4. DeVante Parker needs to be what he was in Thursday’s practice—a red-zone threat who competes physically for 50-50 balls. Parker won an end-zone duel with starting corner Jalen Mills, which fired up the fans. Parker, 6-3 and 220, needs to play that big in an offense with meh wideouts.
5. Regarding coaching the quarterbacks and calling the offense, it looks like play-calling could land in the headset of senior football adviser/offensive line coach Matt Patricia. We’ll see how that goes. In 26 years as a football coach, Patricia has never had the title of quarterbacks coach, offensive coordinator, running backs coach, wide receivers coach or tight ends coach. Not to say it’s disqualifying, but it’ll be interesting to watch. I won’t be surprised if Belichick eventually has a significant hand in play-calling.
6. Every team should have a leader and conscience like Devin McCourty, who turns 35 in two weeks. “The game’s a grind, and for us, it has to be,” he said. “We’re a team that really has to work at it. Early in camp you see it. You see the last period of practice, we’re yelling and screaming at the offense. I think that’s what it’s about. We have to continuously go after each other. We can’t have it easy. We can’t kinda be cool in a sense and have one of those cool practices. I’m sure you’ll see when you go to other teams, like they’re just getting some work in today. We’re not that. We have a lot of guys that have made plays in this league but are now trying to become consistent players. That’s the hardest thing. We have to take on that challenge and attack it.”
FOXBORO, Mass.-Devin McCourty, prepping for his 96th season in the league … pic.twitter.com/IqS6chAM62
— Peter King (@peter_king) July 29, 2022
7. No idea who wins one of the most open position battles in football this summer, the corner spot opposite Jalen Mills. The corners all play with black mitts on each hand, to thwart them from grabbing receivers, trying to drill away holding penalties in the secondary. One contender is Malcolm Butler, wearing the oddest number for a corner I’ve seen: 4. He’ll try to make it back into Belichick’s good graces and lineup at age 32.5 after missing last year with an injury. That won’t be easy.
8. Excellent running back depth. Second-year back Rhamondre Stevenson should get the most touches, but it’s still going to be a job-share, mostly with Damien Harris. Stevenson’s a confident runner and, at 230 pounds, will need to be impactful in short-yardage.
9. Does anyone realize how great Nick Folk is? My 2021 all-pro kicker is 55-of-56 inside the 50 in the last two seasons. What an underappreciated player.
10. Josh Uche, drafted to be an impact edge player in the second round in 2020, has had such an invisible first two years (four sacks, only 414 snaps). He’ll have his chance this year, and I sense optimism that he can break out. But there’s pressure on Uche (and Belichick, who has had some poor drafts recently) to finally be a factor.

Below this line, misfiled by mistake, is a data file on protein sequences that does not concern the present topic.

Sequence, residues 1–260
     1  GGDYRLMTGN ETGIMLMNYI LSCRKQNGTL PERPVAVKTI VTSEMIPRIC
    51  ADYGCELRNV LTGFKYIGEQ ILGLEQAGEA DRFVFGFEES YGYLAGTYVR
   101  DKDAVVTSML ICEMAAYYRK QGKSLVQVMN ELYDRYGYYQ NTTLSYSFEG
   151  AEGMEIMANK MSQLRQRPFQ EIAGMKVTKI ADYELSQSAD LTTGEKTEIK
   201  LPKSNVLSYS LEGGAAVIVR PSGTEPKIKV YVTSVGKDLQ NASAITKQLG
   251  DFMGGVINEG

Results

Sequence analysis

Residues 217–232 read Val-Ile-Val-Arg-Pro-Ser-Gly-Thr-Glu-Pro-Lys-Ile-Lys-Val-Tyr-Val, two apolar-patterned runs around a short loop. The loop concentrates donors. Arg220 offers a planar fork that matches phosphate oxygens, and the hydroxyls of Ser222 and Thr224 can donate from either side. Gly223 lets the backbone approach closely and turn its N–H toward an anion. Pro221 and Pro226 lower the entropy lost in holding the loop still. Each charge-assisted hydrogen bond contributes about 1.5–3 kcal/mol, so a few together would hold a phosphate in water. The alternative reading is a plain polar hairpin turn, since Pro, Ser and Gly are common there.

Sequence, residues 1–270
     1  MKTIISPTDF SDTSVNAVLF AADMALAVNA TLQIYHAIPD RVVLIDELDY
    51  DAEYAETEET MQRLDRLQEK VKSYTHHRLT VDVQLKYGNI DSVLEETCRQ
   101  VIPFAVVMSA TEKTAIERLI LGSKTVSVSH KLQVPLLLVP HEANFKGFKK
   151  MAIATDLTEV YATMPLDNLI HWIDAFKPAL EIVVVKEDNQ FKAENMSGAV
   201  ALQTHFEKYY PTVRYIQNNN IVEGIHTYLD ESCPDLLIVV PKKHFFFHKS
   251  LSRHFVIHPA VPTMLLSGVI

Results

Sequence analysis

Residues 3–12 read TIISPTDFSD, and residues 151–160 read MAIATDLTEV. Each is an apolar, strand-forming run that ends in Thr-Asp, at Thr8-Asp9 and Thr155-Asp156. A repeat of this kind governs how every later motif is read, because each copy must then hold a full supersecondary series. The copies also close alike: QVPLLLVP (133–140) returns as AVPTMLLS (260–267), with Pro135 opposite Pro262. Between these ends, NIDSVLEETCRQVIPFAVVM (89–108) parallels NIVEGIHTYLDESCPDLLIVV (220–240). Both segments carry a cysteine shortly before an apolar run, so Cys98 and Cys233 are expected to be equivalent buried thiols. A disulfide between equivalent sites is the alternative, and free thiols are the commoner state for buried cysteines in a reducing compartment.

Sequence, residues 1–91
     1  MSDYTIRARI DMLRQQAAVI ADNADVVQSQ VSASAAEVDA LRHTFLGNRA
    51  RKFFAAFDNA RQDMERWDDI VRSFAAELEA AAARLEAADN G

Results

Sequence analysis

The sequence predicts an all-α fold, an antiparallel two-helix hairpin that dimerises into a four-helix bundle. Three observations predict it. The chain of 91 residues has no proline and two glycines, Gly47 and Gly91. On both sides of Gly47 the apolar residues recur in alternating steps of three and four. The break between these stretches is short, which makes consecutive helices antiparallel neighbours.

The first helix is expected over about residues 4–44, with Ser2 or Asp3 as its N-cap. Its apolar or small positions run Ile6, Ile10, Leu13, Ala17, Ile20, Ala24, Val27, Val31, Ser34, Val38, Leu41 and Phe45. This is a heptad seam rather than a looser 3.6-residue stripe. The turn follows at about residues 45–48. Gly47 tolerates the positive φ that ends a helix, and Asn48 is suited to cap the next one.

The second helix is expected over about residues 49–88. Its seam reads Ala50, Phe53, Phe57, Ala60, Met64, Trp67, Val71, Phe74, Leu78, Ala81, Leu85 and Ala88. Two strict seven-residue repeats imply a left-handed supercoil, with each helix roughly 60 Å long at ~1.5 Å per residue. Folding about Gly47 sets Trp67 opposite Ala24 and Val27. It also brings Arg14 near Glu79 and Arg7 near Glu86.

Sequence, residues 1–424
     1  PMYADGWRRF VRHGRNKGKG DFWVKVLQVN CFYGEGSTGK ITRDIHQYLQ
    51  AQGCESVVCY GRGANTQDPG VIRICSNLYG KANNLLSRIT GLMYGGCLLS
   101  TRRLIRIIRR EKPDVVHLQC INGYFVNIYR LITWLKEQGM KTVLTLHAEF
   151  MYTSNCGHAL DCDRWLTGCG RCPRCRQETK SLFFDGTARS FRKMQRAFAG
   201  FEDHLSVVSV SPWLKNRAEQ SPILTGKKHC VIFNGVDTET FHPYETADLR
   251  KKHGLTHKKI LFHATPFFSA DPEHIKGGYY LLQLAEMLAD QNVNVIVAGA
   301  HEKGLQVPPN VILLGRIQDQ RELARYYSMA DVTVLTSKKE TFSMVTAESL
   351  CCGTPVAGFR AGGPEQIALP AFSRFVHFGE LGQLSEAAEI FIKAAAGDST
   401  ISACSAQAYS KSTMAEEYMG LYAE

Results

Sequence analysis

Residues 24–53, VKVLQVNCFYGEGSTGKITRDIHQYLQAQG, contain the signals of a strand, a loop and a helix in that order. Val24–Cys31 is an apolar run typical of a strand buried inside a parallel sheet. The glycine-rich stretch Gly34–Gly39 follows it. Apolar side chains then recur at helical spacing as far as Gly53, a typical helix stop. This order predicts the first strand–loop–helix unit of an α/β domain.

Over the years—almost 13 of them—many of you might be aware that a man named Dom Bonvissuto has been the editor of my Monday column. I refer to Dom as a conscience as much as an editor, because many late Sunday nights/Monday mornings I’ve needed both.
I’m writing about Dom today because this is the last FMIA column he’ll edit. He’s taken a job with the site Outkick as a senior editor, and it’s good for him. Dom, wife Danny and son Jude live in Nashville, and Outkick is based there, and in many ways it’s a great fit for Dom—an expanded job role, more responsibility at a growing site, close to home, in his beloved Nashville.
Life is change. People better themselves all the time. We’ll continue to get the column out, on time, at Team NBC, and we’ll be good, and very good people will step in for Dom. But it’s hard when the best Monday morning editor I’ve ever had moves on.
I’ve worked with Dom for two stints since 2008, sandwiching a two-year leave to edit at NFL.com. He’s edited about 425 of these Monday pieces, first at Sports Illustrated and later at The MMQB and then NBC. By my count, figuring an average of 9,000 words a week, his bloodshot eyes have read/grammatically fixed/spellchecked approximately 3,816,000 of my words. Many of those edits happened at 3:08 a.m., when I’m not thinking too straight so he has to.
Editing a behemoth like this column isn’t often about saying, Don’t do this. It’s dumb. It’s being fast and clever and knowing what picture fits and what headline is smart. It’s really teamwork. I trusted Dom’s advice on what was the best news of the week, what belonged on top of the column. And other things. Don’t go napping on me now—almost finished, for instance. Now that’s important.
Editors are vital to the process of columns like this. I remember seeing Tom Brady in Montana, on deadline, one week after the 28-3 Super Bowl comeback, and racing through my writing that night/early morning, Brady dissecting every big play in the game. I was just trying to be cogent, trying to be understood, so we could have the column posted by the time people in all time zones woke up. At 3:37 a.m., with the last of 10,943 words filed, Dom sent this email: “We are good. Good night and damn proud to have worked on this.” That was cool to get just before conking out.
Once I closed a column on what I felt was Philadelphia’s precipitous firing of Chip Kelly. I filed this last graf: “Sad. Just very sad.” He changed it to: “Sad.” Period. He wrote me, “It’s better as Sad. Not a big fan of the repeat.” Dom was correct. Make words count.